All patients were characterized in terms of age, gender, comorbidities and diagnosis that led to the arthroplasty.

The outcomes studied were clinical and radiographic.

  We analysed pain, function and aesthetic appearance pre-operatively and at 1 year follow-up. For pain the Visual Analogue Scale (VAS) was used. For function the arc of mobility and Quick Dash Score was accessed. For the aesthetic appearance a satisfaction questionnaire was applied.

All the yearly follow-up radiographs were analysed and complications were evaluated.

Surgical procedure and post-operative care

  A dorsal transversal incision was made when patients underwent MCP joint replacement of 3 or 4 MCP joints. A dorsal longitudinal incision was made when only 1 or 2 joints were replaced. The extensor hood and capsule were incised radially and longitudinally. Soft tissue realignment was made when needed, including ulnar collateral ligament release, crossed intrinsic transfer, and imbrication of the radial dorsal hood, as required to centralize the extensor tendons and realign the fingers at the MCP joint.

  Rest splints were applied on the first postoperative day and a functional splint on the second or third day postoperatively. Physiotherapy continued for two months under the control of a physiotherapist.

Statistical analysis

  Descriptive statistics were calculated. Chi-square, t-test and Mann-Whitney U-test, depending on the variable analyzed, were used to compare the population characteristics and the results pre and post-operatively. Kaplan-Meier curves were used for the survival analysis.

Results

A total of 96 NeuFlex MCP prostheses were evaluated in 36 patients. There were a total of 50 hands with 14 patients being operated bilaterally. We exemplify a case at figure 2.

Figure 2: Comparison of rheumatoid hand with cubital and volar deviation of MCF joints and subluxation of extensor tendons (A) versus a post-surgical correction with prosthesis and soft tissue correction (B).

There were 28 women and 8 men, with a mean age of 59 ± 12 years (37 - 74).

The average follow-up of these patients was 8.3 years (range 2 - 14), with a minimum follow-up of 2 years.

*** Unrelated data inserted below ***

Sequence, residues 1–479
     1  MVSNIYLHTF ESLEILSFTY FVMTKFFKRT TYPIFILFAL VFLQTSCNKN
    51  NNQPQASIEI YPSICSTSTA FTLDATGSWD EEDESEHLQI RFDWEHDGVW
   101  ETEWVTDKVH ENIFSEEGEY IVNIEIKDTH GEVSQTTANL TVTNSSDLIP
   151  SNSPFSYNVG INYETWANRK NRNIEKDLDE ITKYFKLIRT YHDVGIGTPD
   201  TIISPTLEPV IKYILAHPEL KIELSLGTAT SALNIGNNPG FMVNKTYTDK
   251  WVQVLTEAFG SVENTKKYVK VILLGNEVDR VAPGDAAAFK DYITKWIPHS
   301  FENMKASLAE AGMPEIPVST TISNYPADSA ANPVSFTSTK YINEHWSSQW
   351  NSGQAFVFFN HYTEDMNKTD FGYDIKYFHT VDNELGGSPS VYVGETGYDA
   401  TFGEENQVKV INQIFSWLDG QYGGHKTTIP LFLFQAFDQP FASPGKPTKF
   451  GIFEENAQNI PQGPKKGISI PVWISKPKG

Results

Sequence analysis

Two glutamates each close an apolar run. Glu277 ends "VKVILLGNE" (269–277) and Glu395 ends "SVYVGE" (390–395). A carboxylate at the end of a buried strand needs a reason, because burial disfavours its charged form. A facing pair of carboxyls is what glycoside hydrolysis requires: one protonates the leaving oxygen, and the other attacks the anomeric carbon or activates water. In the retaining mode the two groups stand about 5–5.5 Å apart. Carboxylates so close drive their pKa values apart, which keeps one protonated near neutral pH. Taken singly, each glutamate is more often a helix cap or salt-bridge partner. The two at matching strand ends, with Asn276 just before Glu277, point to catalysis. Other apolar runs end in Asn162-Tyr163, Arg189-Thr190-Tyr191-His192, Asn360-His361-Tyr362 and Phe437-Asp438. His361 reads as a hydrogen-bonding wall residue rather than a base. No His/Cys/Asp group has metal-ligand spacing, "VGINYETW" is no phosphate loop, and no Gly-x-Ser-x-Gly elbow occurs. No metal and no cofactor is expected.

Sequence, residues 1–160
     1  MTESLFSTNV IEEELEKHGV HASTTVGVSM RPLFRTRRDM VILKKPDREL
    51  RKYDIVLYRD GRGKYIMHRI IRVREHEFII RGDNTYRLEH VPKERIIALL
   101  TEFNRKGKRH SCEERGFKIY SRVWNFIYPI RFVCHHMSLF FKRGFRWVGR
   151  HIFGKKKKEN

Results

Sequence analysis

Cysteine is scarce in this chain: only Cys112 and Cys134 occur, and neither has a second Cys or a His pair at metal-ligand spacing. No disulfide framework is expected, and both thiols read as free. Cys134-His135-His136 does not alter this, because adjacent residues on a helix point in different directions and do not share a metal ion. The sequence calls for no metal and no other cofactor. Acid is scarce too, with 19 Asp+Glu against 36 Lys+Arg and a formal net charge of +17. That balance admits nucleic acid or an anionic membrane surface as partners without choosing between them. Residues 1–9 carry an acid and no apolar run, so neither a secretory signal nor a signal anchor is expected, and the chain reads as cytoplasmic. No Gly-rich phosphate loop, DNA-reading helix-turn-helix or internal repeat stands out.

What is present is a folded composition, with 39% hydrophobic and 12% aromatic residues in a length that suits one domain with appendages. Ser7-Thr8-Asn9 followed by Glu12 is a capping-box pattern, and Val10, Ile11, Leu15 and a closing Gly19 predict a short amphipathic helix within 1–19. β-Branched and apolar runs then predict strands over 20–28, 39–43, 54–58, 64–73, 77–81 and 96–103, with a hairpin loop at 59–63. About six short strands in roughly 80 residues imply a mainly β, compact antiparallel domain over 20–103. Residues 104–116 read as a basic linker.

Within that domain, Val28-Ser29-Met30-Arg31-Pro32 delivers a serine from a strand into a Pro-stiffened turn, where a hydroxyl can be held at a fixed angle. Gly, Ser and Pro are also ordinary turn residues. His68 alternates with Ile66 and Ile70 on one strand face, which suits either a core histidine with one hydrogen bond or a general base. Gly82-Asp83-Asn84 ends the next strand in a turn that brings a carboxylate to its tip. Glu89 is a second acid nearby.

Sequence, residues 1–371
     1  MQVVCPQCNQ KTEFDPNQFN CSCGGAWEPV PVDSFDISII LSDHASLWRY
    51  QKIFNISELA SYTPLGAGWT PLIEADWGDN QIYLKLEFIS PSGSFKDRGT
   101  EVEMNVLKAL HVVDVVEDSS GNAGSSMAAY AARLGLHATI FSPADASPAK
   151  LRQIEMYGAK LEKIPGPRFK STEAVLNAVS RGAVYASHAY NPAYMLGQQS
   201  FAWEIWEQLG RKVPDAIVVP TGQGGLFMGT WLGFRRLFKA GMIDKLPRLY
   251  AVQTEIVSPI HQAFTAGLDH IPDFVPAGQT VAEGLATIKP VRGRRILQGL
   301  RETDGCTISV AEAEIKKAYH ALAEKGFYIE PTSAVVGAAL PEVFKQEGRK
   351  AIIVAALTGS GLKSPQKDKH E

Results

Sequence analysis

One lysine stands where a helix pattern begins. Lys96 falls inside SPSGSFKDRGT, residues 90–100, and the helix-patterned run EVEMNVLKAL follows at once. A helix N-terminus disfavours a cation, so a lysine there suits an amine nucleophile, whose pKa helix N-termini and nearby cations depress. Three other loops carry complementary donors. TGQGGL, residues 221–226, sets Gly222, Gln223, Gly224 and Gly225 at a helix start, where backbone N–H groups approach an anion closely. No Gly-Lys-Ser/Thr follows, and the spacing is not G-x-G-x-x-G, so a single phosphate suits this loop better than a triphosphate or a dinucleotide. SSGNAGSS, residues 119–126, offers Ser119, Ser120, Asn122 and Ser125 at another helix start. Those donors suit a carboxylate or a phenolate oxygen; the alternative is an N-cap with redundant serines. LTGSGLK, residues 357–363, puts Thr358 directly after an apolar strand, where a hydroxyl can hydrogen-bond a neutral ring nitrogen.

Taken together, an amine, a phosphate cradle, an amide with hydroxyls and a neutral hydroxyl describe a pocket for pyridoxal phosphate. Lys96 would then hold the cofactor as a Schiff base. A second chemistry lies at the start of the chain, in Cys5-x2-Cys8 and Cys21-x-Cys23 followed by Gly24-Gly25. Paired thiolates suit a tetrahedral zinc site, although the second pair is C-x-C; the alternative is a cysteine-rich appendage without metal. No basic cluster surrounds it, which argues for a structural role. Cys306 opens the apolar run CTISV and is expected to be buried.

Pain was the main reason for surgery, followed by deformity and functional loss.

Pain relief was observed in all cases, with an improve from a median pre-op VAS score of 6.9 to 1.6 post-operatively (p ≤ 0.001).

Radiographically, all prostheses showed good anatomical alignment at the scheduled 1 year follow-up with no significant early recurrent ulnar deviation (> 10°).

There was also significant improvement in the range of mobility with a 26º flexion/extension gain (p ≤ 0.001) comparing pre-operatively to 1-year follow-up.

The mean QuickDash score at final follow-up was on average 35 ± 17. Overall satisfaction was positive for all patients, with improved deformity and activities of daily and professional life.

The overall median survival of the prostheses, using Kaplan Meier curves with revision as end stage, was 111 ± 44 months. The 2-, 5- and 10- year survival rate were 97%, 93% and 87%, respectively (Figure 3).

Figure 3: Kaplan-Meier survival curve with revision as the end point.

There were 9 complications requiring surgical revision: 6 implant dislocations and 3 implant fractures (Figure 4).

Figure 4: Fracture of the implant with dislocation of the index MCP joint.

Discussion

  With this study it became evident the overall improvement, after surgery, of the function of the MCP joints and the hands of these patients. NeuFlex® MCP arthroplasty has been shown to be an effective treatment in rheumatoid patients, with excellent results in pain relief, aesthetic and functional improvement.

  The results of this study reveal that the NeuFlex implant has a low failure rate in the medium-term time frame with a survivorship of almost 87% at 10 years if revision is taken as the end point. This survivorship is comparable to Swanson and Sutter implants [11,13,14].

The 10% revision rate observed in this study, with a mean follow-up of 8 years, is similar to previous reports [11,12,15,16].

There were 9 complications at our study requiring surgical revision: 6 implant dislocations and 3 implant fractures.